No dates? Let China's Communist Youth League help you

Xinhua Published: 2017-05-19 19:45:01
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A piece of news saying that China' s Communist Youth League (CYL) promised to help single young people to find their soulmate became an instant hit online this week.

Newly-wed couples pose for a group photo in a metro station in Zhengzhou, capital of central China's Henan Province, Aug. 9, 2016. [Photo: Xinhua]

Newly-wed couples pose for a group photo in a metro station in Zhengzhou, capital of central China's Henan Province, Aug. 9, 2016. [Photo: Xinhua]

On the People's Daily's official Weibo account, a microblogging site, the story has garnered over 47,000 comments and has been shared over 50,000 times.

Many followers cheered for the news:

"Mum! Where is my CYL certificate!" 

"Count me in, please! I'm 23." 

"Finally! My country never disappoints me!" "CYL, I need help!" 

CYL will organize more social activities for single men and women, including book clubs and blind dates, to bring potential couples together, according to a press release by CYL.

So far, the CYL has organized 16 social gatherings bringing together 1,700 participants, which have resulted in 208 people finding a partner, according to the CYL official WeChat account.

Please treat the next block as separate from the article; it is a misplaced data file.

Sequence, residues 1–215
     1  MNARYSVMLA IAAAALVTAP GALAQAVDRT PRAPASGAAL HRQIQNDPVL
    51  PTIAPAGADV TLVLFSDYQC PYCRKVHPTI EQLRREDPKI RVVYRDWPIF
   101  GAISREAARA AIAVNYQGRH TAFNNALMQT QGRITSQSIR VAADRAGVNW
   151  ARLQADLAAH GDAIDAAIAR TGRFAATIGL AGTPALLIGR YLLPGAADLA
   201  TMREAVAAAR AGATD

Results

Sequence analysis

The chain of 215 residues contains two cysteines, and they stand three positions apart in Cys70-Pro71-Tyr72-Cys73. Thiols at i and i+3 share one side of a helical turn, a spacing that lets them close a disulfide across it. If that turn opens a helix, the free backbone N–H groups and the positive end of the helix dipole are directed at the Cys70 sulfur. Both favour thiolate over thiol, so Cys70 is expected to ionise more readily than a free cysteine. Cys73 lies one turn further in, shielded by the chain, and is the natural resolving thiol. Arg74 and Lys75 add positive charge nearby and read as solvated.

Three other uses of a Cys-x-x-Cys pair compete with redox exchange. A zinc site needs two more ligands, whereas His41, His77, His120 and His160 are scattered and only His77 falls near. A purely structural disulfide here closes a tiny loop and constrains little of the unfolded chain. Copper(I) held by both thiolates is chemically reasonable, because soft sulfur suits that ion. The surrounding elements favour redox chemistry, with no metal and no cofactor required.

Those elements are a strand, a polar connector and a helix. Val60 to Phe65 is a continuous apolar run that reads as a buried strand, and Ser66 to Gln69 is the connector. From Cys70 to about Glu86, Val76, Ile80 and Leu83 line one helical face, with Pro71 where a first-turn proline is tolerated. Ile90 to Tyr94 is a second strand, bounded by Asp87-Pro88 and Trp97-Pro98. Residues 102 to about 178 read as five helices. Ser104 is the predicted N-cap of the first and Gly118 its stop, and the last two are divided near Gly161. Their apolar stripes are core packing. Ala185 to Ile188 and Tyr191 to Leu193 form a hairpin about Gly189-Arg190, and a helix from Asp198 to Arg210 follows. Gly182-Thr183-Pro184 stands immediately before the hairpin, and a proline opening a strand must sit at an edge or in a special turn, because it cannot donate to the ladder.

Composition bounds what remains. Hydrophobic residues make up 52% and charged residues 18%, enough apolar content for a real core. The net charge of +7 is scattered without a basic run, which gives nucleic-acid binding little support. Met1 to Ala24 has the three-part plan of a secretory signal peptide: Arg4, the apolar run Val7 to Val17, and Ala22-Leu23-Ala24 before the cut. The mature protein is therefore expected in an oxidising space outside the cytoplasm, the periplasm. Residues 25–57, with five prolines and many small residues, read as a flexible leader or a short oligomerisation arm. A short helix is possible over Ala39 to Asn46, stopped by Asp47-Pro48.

The program is not without its critics, however.

The activities won't work -- it would be too awkward, said Zhang Yuangan, 28.

"While their intentions are honorable, dating is a very personal issue," said Zhang.

China had around 180 million single adults of marriageable age in 2013. According to data released by the Ministry of Civil Affairs, marriages dropped by 6.3 percent in 2015 from 2014. 

A survey by the Institute of Social Science at Peking University found that 47 percent of female respondents choose "wrong timing" as the reason they are single, while 47 percent of the male respondents say their singledom is due to "financial difficulties." 

For Chinese singletons, it is not just the CYL watching their marital status. 

In a culture that places such value on family, Chinese parents are often deeply involved in their children's relationships. 

In metropolises across the country, there are always "matchmaking corners," not for the singletons, but for their parents. Parents will post and advertize their children, and will include details such as income, education and work place.

But of course, not all parent are concerned.

"My parents have never pressured me to get married. My grandparents sometimes mention it, but they don't push it at all," said Zhu Bing, 29. 

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